Penry throws his hat in the governor’s race
Grand Junction Free Press
Glenwood Springs, CO Colorado
GRAND JUNCTION, Colorado – State Sen. Josh Penry said Saturday that he will enter the field of Republicans seeking to challenge Democratic Gov. Bill Ritter in 2010.
Penry made the announcement during a morning rally before hundreds of supporters at the old Mesa County Courthouse on Saturday. The event drew a host of GOP figures, including state Reps. Laura Bradford and Frank McNulty.
Penry, who was introduced by his wife Jaime, emerged from behind a black curtain to take center stage as “Right Now” by Van Halen blared in the background.
“I’m here to announce I’m running to be the next governor of Colorado,” said Penry, R-Grand Junction.
He referred to the upcoming race as a “long journey ahead.”
Penry, who serves as state senate minority leader, said it was time “to put an end to the business as usual” tax and spend government. He questioned Ritter’s leadership saying he’s “sitting quietly in the governor’s office” while jobs are being lost.
“Are we better off than we were three years ago?” asked Penry of the crowd during the hour-long rally.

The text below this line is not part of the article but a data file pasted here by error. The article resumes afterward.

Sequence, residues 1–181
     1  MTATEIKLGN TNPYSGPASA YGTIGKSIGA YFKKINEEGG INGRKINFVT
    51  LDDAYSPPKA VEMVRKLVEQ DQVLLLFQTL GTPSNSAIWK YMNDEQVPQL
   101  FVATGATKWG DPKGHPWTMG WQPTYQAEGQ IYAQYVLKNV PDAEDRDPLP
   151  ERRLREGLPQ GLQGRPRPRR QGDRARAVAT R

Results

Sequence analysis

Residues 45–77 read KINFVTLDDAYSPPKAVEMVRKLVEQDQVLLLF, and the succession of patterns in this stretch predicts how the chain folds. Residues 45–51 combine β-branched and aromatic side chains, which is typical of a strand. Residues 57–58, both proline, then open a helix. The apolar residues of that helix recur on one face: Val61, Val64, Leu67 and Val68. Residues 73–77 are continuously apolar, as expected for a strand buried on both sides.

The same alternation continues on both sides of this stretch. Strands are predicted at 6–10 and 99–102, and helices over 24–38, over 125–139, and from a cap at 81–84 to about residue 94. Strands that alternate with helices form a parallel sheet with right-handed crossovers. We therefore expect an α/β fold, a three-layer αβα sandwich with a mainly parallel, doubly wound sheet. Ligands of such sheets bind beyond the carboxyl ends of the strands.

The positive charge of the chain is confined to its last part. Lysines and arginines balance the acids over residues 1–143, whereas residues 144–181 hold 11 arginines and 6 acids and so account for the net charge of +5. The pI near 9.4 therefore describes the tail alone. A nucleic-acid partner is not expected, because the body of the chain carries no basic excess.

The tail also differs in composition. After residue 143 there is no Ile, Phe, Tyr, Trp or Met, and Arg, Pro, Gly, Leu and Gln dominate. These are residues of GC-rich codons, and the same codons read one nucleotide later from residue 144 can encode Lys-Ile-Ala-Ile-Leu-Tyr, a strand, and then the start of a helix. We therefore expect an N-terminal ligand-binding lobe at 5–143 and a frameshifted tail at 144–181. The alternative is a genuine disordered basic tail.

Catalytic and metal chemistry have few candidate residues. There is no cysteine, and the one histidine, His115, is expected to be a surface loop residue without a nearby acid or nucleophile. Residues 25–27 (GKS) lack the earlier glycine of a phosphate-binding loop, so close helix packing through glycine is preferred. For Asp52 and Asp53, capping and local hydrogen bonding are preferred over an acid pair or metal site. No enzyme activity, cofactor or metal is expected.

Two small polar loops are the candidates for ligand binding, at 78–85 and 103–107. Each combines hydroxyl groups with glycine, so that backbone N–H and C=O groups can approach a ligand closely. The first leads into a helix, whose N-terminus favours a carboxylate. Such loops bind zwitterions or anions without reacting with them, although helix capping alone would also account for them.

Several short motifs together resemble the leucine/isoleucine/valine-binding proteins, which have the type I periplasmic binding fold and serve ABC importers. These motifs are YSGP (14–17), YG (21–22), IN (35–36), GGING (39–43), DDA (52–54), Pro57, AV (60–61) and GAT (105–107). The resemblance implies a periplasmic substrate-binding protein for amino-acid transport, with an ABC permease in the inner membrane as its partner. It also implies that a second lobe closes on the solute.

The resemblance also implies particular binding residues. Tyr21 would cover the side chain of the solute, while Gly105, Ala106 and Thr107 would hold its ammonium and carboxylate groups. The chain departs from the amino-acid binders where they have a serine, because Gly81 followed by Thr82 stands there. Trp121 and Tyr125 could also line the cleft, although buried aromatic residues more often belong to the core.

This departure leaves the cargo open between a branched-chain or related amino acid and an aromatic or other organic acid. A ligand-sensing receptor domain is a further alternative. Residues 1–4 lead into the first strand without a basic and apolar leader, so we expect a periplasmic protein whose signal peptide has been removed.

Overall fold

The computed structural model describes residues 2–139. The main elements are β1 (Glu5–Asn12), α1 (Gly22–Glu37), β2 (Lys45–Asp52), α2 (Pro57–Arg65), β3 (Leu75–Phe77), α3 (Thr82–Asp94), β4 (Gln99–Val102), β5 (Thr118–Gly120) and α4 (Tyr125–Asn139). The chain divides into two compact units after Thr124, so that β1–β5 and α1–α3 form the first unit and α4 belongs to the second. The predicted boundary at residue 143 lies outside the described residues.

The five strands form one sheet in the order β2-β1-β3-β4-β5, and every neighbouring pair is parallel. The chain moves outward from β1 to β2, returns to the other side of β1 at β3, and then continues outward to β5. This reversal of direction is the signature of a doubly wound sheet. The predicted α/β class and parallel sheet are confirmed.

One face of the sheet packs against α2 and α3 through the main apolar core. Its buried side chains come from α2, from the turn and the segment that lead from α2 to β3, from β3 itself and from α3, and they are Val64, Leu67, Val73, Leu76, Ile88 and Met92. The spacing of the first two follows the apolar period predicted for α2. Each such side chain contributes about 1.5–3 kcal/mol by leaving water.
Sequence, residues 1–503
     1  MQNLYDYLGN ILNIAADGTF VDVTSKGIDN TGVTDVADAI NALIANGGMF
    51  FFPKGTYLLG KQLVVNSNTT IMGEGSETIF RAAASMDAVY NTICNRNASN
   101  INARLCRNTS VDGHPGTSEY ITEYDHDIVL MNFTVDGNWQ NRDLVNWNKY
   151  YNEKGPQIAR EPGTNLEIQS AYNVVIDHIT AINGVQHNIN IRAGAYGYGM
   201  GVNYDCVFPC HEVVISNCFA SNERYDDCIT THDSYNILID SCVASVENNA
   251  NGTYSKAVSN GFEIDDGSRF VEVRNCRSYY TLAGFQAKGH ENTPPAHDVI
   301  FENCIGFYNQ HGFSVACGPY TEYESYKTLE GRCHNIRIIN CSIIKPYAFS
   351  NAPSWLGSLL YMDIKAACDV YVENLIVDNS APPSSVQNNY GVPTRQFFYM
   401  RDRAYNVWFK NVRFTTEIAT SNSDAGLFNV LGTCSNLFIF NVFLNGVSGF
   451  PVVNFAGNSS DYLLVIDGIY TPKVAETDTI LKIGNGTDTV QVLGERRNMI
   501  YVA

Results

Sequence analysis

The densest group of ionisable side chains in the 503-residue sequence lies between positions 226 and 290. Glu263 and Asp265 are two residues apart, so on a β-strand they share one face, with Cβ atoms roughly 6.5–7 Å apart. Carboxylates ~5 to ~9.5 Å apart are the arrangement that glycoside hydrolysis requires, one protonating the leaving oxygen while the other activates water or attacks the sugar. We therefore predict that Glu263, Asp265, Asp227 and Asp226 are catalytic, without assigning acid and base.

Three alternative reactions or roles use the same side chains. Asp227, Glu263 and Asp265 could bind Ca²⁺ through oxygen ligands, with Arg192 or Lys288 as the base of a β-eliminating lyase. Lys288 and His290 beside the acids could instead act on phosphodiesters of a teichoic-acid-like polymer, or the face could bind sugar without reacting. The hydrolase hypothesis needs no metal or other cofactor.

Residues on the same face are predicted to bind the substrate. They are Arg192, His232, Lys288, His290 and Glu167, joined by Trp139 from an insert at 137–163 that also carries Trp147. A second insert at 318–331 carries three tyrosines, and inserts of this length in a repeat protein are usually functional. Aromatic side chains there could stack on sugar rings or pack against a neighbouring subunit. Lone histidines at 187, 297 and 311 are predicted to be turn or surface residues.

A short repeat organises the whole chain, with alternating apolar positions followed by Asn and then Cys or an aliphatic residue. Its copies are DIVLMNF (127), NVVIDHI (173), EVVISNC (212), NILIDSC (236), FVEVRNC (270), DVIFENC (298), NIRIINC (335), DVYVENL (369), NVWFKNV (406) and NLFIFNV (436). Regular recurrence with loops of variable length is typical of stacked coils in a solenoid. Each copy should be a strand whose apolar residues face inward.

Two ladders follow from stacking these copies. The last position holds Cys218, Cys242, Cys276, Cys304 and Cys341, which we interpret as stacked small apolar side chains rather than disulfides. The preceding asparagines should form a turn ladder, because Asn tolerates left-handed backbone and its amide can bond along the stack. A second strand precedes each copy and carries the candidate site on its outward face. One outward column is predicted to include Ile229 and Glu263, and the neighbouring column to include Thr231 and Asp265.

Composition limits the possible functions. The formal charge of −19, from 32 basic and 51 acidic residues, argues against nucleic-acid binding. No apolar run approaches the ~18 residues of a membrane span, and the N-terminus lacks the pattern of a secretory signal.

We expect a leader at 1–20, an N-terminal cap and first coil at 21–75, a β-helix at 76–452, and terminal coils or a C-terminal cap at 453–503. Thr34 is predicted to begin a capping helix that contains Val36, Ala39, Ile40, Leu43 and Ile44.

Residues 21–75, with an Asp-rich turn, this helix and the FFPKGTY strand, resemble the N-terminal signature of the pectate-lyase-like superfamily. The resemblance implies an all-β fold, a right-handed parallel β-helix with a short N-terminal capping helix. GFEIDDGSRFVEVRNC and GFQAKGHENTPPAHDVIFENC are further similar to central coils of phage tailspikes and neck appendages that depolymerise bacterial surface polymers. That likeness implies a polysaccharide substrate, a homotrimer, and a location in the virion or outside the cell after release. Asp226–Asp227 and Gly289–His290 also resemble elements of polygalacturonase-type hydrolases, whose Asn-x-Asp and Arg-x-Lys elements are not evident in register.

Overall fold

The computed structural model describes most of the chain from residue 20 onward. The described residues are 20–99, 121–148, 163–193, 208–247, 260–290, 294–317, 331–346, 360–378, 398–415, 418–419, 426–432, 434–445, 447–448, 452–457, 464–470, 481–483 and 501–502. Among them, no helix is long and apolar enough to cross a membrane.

“No,” the crowd responded.
He also said the governor’s policies have made a “bad economic situation worse” and it is time for the state to head in a new direction.
Penry, who is a Mesa State College graduate, also pledged to do something about state “drilling restrictions that kill jobs.”
While at Mesa State, Penry served as student body president and as starting quarterback for the Maverick football program.
Supporters called Penry the right man for the job.
“He has morals. He has conviction. He sticks up for what he believes,” said 29-year-old Jeramy Stehman of Fruita who has known Penry for more than 20 years.
Penry is the third Republican to join the race for governor. Former Congressman Scott McInnis of Grand Junction and Dan Maes of Evergreen are also in the running.
McInnis, who served six terms in Congress, announced in May that he would seek the state’s top post. Penry once served as a staffer for McInnis in Washington, D.C.
McInnis, is a Glenwood Springs native, who has long been rumored to jump back into the political arena announced his candidacy for governor a few weeks ago.
The race for governor shapes up to be a costly one. Earlier in the rally McNulty said the campaign is seeking to raise $1,050 from 1,000 people during the course of the next 16 months suggesting it needed at least $1 million for the fight.
“This will be one of the hardest and most expensive races in the country,” McNulty said.
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